Brouwerij Palm - Estaminet Premium Pils
Serving Temperature:40-45° F
Suggested Glassware:Pilsner Glass, Flute
When Belgium was occupied by Spain in the 1500s, Spanish soldiers referred to the best inns and watering holes as “esta minetta” – “there are girls.” Comically to us, Palm derived the name for their new pilsner from this codeword. Brewed as a Belgian interpretation of a Czech pilsner, Palm brews Estaminet with Czech Saaz hops and lagers the beer for six weeks. On the pour, it provides the classic Czech pils golden straw color with a fluffy white foam cap that drops plenty of lace. Expect an aromatic and quite lovely nose, as soft pils malts offer a bit of a mild biscuity impression and the hops present a pungently herbal and quite earthy profile with some grassy hay-like notes. We found Estaminet dry, crisp, and smooth on the palate as it delivers a light bready quality punctuated by a fairly pronounced hop bite. There’s a mild touch of fruit (which is not typical of Pilsners, but is intentional in this brew) and while the malt offers a bit of sweetness, the hops are more than enough to counter, presenting the noble Saaz archetypical spicy herbalness in a delightfully forward way. This brew remains very soft on the palate, though prickly carbonation helps add to the hop bite. Awarded the highest score in the “Lager” category at the Brewing Industry International Awards 2011 in the U.K., Estaminet represents a branching out for Palm, a traditional ale brewer, and we think they did a great job! Beating lager brewers at their own game? We think even Arthur and Alfred would be proud! Enjoy this with a host of Asian-themed cuisines from spicy curried Thai to freshly rolled sushi. Or, try it with a hunk of aged cheddar or other sharp cheese. Cheers!
Documentary evidence of a farmstead in Steenhuffel, Belgium called De Hoorn (the horn) has been found dating back to at least 1597, and there’s evidence of a farmhouse brewery on the property by 1686. But it’s 1747 that appears on Palm’s labels because it was in that year that a census shows commercial brewing at the De Hoorn brewery (known today as Palm), owned by a Jean-Baptiste De Mesmaecker. In 1908 a direct descendant, Henriette De Mesmaecker, married brewer Arthur Van Roy and brewing operations at De Hoorn flourished. Despite the growing popularity of pilsner beer at that time, Arthur was dedicated to the Belgian ale tradition and refused to embrace the ease of following the modern trend. Sadly, Brouwerij De Hoorn was destroyed in WWI, but Van Roy rebuilt it – bigger and better.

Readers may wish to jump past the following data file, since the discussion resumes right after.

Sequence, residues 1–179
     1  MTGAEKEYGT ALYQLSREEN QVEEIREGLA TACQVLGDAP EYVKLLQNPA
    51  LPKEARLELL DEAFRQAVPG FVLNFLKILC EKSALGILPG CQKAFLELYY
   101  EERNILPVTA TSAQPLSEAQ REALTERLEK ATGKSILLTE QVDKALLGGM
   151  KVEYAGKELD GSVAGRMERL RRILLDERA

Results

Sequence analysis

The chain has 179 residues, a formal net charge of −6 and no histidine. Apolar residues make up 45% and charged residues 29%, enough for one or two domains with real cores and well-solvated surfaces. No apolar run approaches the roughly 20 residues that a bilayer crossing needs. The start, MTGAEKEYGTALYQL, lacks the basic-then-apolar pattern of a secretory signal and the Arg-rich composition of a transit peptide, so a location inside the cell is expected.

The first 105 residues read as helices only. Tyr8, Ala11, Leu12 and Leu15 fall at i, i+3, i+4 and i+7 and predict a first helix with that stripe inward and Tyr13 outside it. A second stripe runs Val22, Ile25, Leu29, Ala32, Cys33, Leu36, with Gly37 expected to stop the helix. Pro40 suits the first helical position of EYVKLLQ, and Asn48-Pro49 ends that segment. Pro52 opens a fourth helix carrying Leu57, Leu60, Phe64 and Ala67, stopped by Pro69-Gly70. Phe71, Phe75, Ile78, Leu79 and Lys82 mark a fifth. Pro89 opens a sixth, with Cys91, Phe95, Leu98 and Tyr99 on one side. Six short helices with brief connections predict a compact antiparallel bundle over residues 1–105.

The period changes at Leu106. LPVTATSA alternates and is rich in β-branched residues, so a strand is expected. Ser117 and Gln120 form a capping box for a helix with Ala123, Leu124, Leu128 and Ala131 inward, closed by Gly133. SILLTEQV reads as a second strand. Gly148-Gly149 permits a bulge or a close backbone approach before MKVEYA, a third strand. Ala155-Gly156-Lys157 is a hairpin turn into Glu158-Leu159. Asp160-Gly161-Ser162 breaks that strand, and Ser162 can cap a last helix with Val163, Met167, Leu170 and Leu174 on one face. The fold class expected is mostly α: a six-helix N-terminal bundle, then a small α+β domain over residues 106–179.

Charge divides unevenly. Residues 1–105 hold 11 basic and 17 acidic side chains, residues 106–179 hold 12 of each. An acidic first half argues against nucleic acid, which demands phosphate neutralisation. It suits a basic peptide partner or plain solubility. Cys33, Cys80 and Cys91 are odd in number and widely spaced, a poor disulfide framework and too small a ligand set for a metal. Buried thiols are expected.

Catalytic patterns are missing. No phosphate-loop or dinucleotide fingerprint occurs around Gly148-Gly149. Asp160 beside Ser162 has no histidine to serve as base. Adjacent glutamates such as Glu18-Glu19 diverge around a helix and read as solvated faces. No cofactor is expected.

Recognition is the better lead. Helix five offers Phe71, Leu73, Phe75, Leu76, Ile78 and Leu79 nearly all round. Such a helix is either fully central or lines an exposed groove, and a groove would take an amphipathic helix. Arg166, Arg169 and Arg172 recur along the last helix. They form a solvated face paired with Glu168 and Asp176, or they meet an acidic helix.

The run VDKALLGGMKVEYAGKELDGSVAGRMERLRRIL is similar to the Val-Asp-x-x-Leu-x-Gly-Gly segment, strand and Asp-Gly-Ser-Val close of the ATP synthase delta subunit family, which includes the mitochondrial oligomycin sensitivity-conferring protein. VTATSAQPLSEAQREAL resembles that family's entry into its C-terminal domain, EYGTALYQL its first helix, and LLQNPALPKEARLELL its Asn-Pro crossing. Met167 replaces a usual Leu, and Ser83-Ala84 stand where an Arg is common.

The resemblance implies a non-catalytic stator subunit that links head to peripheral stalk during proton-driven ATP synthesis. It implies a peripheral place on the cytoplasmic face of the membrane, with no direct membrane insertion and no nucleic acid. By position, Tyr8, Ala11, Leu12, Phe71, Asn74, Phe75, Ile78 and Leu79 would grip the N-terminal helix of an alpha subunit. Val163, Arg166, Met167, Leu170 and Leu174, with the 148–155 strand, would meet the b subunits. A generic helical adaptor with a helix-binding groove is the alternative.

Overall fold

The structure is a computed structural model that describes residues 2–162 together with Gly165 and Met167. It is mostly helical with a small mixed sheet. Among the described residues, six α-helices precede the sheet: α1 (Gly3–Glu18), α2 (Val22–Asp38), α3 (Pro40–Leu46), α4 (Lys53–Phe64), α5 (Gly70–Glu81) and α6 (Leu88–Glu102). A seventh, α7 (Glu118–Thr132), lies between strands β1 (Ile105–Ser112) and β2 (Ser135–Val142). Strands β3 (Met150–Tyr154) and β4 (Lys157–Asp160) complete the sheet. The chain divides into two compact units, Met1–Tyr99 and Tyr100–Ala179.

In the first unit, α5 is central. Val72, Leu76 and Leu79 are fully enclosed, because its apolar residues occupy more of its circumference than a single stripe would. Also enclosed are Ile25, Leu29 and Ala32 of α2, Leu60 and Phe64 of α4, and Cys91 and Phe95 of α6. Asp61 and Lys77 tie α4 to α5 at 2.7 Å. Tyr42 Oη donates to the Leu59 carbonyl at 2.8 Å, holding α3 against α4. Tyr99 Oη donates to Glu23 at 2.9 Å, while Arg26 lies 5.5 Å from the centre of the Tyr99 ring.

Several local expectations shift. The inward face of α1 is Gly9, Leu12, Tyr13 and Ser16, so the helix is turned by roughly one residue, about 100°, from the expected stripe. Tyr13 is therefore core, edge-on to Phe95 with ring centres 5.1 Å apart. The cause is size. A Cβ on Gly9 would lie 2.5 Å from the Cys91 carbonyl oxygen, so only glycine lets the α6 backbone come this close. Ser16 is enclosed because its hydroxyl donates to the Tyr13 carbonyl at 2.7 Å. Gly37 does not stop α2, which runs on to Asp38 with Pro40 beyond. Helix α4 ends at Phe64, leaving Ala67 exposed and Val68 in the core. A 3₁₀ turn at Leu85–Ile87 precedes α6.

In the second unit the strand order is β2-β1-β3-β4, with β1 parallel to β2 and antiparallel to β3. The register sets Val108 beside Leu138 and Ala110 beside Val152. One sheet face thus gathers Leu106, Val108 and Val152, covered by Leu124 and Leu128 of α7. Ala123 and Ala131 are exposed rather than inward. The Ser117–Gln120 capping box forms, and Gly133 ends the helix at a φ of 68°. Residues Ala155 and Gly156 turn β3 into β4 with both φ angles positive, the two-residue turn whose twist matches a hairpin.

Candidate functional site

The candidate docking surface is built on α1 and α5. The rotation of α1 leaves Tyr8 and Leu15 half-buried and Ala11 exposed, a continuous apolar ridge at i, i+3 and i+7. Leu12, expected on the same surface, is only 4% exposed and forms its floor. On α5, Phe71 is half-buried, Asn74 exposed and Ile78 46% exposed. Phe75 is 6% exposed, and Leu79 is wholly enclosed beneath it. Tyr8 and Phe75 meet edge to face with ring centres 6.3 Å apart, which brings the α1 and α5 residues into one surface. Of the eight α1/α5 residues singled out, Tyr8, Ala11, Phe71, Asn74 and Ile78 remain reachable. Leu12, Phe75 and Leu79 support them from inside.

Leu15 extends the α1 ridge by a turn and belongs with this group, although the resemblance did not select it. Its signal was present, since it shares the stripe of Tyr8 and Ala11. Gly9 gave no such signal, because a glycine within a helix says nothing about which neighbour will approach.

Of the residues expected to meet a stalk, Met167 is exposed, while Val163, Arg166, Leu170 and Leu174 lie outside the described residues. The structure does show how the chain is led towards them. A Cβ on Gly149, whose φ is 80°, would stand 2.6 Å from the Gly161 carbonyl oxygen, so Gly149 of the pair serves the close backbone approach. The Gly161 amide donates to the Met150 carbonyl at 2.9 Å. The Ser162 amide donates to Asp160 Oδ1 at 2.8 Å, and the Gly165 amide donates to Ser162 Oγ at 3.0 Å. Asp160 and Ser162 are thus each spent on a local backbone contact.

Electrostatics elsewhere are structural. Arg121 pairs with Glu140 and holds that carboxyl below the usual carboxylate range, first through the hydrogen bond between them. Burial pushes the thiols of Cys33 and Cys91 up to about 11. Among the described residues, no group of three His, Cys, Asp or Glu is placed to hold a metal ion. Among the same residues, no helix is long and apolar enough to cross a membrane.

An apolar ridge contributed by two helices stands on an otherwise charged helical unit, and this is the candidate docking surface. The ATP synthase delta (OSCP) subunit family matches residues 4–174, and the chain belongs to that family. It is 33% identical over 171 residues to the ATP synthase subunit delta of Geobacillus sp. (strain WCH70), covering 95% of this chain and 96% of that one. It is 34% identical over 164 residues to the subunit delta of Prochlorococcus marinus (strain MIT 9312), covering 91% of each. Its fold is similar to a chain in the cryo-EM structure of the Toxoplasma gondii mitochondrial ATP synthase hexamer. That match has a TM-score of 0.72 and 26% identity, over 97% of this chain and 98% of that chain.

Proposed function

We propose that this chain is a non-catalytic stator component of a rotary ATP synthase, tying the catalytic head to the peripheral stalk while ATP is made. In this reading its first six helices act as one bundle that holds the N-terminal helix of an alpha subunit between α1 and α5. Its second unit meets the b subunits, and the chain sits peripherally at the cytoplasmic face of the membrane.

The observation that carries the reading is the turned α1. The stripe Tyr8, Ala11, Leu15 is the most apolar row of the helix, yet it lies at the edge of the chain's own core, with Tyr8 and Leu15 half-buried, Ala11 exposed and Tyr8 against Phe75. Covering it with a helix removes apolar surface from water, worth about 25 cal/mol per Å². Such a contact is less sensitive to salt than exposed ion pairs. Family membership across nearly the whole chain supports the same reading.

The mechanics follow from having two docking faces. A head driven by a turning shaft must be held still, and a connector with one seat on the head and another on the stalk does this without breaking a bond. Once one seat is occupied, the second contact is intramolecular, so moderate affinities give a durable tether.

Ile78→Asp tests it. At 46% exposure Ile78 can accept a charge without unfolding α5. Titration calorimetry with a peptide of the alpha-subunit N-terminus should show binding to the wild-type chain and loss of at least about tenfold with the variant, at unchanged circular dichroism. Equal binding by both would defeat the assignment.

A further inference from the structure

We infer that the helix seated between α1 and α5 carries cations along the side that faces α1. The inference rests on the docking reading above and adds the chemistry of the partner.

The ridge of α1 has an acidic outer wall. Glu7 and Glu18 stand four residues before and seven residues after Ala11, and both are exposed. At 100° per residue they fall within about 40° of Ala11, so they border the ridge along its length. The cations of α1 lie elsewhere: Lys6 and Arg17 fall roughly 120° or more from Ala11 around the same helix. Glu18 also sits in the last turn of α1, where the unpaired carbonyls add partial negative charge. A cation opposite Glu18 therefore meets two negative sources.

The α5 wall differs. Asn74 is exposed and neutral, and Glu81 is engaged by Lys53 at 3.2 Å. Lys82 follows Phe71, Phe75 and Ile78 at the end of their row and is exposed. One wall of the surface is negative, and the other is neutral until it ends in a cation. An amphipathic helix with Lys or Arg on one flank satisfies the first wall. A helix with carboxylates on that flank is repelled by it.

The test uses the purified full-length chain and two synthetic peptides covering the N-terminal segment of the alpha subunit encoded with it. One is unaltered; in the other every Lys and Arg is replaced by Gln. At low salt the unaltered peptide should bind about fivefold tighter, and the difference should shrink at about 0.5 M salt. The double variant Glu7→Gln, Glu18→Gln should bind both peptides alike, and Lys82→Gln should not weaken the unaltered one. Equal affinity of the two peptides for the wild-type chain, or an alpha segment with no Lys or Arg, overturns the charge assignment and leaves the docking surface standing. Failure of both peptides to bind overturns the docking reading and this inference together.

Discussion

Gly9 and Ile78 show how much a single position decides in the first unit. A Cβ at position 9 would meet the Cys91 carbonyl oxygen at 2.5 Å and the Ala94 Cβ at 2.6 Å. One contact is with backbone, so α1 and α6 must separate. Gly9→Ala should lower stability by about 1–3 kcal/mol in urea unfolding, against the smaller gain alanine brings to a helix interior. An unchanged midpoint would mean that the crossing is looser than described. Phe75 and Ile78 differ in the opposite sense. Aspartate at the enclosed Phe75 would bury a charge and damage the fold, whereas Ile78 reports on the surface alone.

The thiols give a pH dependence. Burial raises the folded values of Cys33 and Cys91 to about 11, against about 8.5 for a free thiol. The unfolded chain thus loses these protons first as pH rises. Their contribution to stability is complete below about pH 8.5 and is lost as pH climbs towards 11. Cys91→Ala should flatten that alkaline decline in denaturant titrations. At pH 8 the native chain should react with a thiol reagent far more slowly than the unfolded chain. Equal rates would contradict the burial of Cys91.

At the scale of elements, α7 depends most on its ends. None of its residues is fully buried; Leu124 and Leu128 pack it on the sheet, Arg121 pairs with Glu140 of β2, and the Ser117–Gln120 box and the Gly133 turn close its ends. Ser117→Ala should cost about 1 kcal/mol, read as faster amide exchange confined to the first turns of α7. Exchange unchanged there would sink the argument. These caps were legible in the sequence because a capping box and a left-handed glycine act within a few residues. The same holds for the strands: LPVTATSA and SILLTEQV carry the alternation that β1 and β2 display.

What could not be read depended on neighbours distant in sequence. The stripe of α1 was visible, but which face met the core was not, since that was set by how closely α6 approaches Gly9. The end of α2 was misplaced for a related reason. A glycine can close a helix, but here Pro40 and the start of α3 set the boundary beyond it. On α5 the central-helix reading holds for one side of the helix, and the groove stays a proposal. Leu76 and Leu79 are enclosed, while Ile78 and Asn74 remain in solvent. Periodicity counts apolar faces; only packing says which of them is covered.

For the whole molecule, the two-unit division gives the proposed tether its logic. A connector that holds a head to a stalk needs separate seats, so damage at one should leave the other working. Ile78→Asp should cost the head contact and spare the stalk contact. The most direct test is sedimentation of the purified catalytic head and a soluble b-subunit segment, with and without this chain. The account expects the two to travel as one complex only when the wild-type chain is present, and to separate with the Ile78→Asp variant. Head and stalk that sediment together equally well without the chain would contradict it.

In the late ‘20s, Arthur’s son Alfred learned to brew from his father and studied brewing at brewing school in Brussels. In 1929, Alfred renamed their most popular beer “Speciale Palm,” a reference to a palm leaf crown as a symbol of a victory of top-fermented ale over the still growing bottom-fermenting lager segment. When Arthur died in 1952 Alfred assumed control, and over succeeding decades instituted a variety of upgrades including two new brewhouses boasting traditional copper kettles.
After Alfred’s first wife passed away, he married Aline Verleyen in 1968. Like Alfred’s first wife, Aline was also from a brewing family and in 1974 her nephew Jan Toye took over brewery management. Known primarily as the brewers of Palm branded beer, De Hoorn officially changed its name to Palm a year later. Since that time, Palm has been very active in the Belgian beer world. They acquired Brouwerij De Gouden Boom and the license to brew the Steenbrugge abbey beers, as well as the landmark sour ale brewery, Rodenbach, in which they invested much capital on massive renovations to the whole brewery premises surrounding Rodenbach’s hundreds of huge oak foudre aging vessels. Palm also entered into a joint venture with Brouwerij Boon to make high quality Gueuze. To this day, Jan remains at the helm of Brouwerij Palm. Alfred Van Roy remained active in the business for 75 years until passing away at age 96 in 2009. To learn more about the Palm family of beers, visit them (in English) at www.palm.be/en.
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